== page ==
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Baroness Ramsay of Cartvale: The European Union seeks guaranteed access to NATO's planning capabilities, so that NATO planners can contribute to the EU's examination of strategic military options and so that NATO can provide operational planning for an EU-led operation using NATO assets and capabilities. This is set out in Section (1) of the appendix to Annex VII. The EU is not seeking guaranteed access to any other NATO assets and capabilities. NATO intends to put in place arrangements to provide for the presumption of availability of other NATO capabilities and common assets. This means NATO will in principle be ready to provide such support, but will decide case-by-case on the release of assets for an EU-led operation.
Baroness Ramsay of Cartvale: As a NATO member, the US routinely participates in all alliance discussions on security threats faced by its member countries and in formulating responses to those threats.
Baroness Ramsay of Cartvale: The Prime Minister and President Bush agreed that we should work to obstruct and deter new threats resulting from the proliferation of weapons of mass destruction and their means of delivery. A key element of this strategy would be to continue nuclear arms reductions where possible and strengthened WMD and missile proliferation controls and counter-proliferation measures. The Foreign Secretary and Secretary of State Colin Powell agreed last month to establish a counter-proliferation task force to take forward the proliferation aspects of this work.
Baroness Ramsay of Cartvale: Mr Bryant has been tried, convicted and sentenced in accordance with Moroccan law. We have to respect the laws and sentences of other Sovereign States. We have no basis in international law to make representations on Mr Bryant's behalf because the sentence he received under Moroccan law exceeds the sentence he may have received if he had been tried under British Law.
Baroness Ramsay of Cartvale: Mr Bryant is due for release on 3 March 2003. Before his release he must pay court fines of DH300,00.00 (about £19,354). If he cannot pay the fines he will have to serve additional time in prison. The amount of extra time would be for the court to decide.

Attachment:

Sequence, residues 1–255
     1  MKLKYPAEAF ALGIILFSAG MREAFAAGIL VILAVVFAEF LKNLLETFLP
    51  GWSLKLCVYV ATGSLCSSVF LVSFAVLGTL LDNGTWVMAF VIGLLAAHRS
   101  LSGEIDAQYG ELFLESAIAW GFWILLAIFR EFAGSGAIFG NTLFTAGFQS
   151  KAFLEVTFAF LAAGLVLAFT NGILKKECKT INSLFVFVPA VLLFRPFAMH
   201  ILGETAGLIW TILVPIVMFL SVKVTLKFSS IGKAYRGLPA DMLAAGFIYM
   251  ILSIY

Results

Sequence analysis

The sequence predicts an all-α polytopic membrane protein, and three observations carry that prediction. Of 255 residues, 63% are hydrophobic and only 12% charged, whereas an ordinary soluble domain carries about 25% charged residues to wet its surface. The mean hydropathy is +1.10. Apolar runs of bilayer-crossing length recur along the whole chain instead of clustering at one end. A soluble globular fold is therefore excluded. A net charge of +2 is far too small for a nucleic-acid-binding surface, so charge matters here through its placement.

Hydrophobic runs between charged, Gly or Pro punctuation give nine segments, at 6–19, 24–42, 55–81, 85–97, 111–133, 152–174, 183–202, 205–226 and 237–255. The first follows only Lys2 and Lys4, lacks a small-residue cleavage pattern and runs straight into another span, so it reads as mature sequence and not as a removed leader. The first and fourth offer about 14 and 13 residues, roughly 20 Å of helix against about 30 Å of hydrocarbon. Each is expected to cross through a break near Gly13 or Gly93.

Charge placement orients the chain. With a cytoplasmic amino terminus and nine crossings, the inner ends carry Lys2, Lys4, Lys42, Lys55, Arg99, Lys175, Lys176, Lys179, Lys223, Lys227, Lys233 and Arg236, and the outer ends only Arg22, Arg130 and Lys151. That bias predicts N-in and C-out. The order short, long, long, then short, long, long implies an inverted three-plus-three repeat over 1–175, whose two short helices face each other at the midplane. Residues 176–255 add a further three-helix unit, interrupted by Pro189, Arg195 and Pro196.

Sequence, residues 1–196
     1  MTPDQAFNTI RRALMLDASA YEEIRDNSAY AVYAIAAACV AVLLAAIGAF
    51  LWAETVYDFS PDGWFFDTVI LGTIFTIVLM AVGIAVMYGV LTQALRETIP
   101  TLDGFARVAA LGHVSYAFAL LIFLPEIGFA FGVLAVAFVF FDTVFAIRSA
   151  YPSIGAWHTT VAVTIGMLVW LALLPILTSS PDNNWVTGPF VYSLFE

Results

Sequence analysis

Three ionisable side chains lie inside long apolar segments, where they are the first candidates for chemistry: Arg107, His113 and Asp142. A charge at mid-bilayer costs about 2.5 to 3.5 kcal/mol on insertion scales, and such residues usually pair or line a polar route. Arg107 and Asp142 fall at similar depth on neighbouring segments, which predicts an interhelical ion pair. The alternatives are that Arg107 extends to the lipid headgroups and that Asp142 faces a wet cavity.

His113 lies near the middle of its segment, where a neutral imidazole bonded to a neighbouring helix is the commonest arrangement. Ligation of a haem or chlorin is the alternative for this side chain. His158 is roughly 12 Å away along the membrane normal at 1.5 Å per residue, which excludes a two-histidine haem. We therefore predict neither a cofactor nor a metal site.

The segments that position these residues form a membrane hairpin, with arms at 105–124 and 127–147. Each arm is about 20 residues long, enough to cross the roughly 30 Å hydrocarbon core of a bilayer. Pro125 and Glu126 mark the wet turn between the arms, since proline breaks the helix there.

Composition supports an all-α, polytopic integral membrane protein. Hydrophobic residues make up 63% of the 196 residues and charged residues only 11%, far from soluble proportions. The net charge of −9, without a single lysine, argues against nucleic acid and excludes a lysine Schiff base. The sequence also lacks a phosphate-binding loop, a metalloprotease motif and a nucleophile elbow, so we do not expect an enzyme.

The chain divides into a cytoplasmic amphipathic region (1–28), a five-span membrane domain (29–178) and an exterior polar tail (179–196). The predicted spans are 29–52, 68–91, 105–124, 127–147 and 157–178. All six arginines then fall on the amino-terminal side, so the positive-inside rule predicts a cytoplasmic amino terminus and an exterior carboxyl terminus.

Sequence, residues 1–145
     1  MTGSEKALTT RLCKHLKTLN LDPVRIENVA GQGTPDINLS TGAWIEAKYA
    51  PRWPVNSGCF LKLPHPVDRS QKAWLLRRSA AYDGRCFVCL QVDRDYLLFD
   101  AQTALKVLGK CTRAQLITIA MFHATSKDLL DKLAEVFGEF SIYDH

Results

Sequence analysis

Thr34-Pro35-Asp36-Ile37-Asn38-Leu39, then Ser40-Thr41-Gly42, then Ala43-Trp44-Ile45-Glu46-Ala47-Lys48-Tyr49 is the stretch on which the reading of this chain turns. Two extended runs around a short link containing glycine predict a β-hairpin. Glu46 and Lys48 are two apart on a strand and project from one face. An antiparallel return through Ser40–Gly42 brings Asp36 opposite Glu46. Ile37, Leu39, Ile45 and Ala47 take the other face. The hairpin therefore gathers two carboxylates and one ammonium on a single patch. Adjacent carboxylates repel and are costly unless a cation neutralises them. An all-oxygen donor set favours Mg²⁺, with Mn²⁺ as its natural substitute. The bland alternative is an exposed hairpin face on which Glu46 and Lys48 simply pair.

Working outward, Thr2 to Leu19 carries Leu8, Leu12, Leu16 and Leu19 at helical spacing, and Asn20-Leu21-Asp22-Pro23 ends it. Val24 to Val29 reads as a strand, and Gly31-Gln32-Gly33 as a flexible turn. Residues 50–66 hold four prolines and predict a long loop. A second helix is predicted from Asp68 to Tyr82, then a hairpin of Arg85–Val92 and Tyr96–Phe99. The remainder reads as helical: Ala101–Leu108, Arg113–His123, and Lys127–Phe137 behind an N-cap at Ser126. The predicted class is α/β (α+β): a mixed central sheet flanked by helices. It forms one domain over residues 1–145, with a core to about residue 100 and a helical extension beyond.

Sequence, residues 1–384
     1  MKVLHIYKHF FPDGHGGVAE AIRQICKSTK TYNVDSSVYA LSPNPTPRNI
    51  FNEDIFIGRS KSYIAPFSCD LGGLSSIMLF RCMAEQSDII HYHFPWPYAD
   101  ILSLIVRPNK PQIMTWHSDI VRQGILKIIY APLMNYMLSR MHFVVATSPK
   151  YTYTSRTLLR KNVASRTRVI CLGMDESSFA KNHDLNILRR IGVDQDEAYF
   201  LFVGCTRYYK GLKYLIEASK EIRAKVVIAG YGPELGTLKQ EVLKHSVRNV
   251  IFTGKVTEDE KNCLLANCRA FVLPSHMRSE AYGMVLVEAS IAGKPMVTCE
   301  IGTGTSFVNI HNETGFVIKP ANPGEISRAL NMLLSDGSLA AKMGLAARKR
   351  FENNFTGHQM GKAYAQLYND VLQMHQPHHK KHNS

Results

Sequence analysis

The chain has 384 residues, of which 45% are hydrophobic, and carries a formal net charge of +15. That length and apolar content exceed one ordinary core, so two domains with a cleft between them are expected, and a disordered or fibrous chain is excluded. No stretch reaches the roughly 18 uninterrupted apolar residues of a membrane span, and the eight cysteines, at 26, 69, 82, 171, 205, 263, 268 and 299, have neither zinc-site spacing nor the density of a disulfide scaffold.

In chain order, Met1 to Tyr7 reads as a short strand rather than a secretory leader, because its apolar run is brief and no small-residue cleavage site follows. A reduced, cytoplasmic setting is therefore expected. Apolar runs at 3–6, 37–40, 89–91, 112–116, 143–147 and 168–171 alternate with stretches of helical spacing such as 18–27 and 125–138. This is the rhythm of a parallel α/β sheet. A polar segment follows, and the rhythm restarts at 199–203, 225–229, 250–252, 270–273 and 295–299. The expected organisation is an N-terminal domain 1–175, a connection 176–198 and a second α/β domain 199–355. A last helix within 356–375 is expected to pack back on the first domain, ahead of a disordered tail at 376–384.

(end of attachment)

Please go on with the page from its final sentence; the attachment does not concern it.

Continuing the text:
Baroness Ramsay of Cartvale: The UK and Moroccan Governments hope to be able to sign and ratify a bilateral prison transfer agreement soon. Once this has been done, Mr Bryant will be able to apply to serve the remainder of his sentence in the UK.
Baroness Ramsay of Cartvale: The Commonwealth Secretariat is considering the terms of reference for the team. The Foreign Secretary has urged the Commonwealth Secretary General to broaden the team's mandate from land reform to include wider areas of international concern.
The Parliamentary Under-Secretary of State, Home Office (Lord Bassam of Brighton): I understand that, having being refused leave to appeal by the Court of Appeal, Sussex Police Authority sought leave to appeal from the House of Lords. This was refused on 2 November 2000. No further appeal in the proceedings is possible.
As a result of the judgment in this case, it is clear that a police officer's "ordinary duties" under the Police Pensions Regulations 1987 (as amended) should be interpreted to include operational duties. It is likely that this interpretation will result in more officers being certified to be permanently disabled from performing the ordinary duties of a police officer.
Under the Pensions Regulations it is, however, a matter for the police authority to decide whether or not an officer should be retired on health grounds. If there is, in the view of the police authority, a sufficient range of duties that an officer is capable of undertaking there is no requirement for it to set a date for retirement. The Court of Appeal made this point in its judgment.
It would, however, be more satisfactory if the current regulations were to be amended so that it is clear in future that a police officer is not permanently disabled from police duties if able to perform a sufficient range of the duties expected of his or her rank. We therefore expect to consult the police service about the precise terms of revised regulations later in the year.
Lord Bassam of Brighton: For England and Wales there is no separate offence of driving a vehicle using a mobile telephone and any prosecution is likely to be for driving without due care and attention, for which there were 54,789 prosecutions resulting in 45,509 convictions in 1999 (latest available figures). The employment status of a defendant is not recorded centrally.
It is also possible for such drivers to be prosecuted or issued with a fixed penalty for not being in proper control of a vehicle (Regulation 104 of the Road Vehicles (Construction and Use) Regulations 1986), but such cases cannot be separately identified in the statistics collected centrally.
Lord Bassam of Brighton: Section 3(3) of the Regulation of Investigatory Powers Act 2000 provides that interception of a communication is lawful if it is conducted by, or on behalf of, a person who provides a telecommunications service (which includes Internet Service Providers) and it takes place for purposes connected with the provision or operation of that service. An example of this might be to prevent interference with the operation of a system by a virus.
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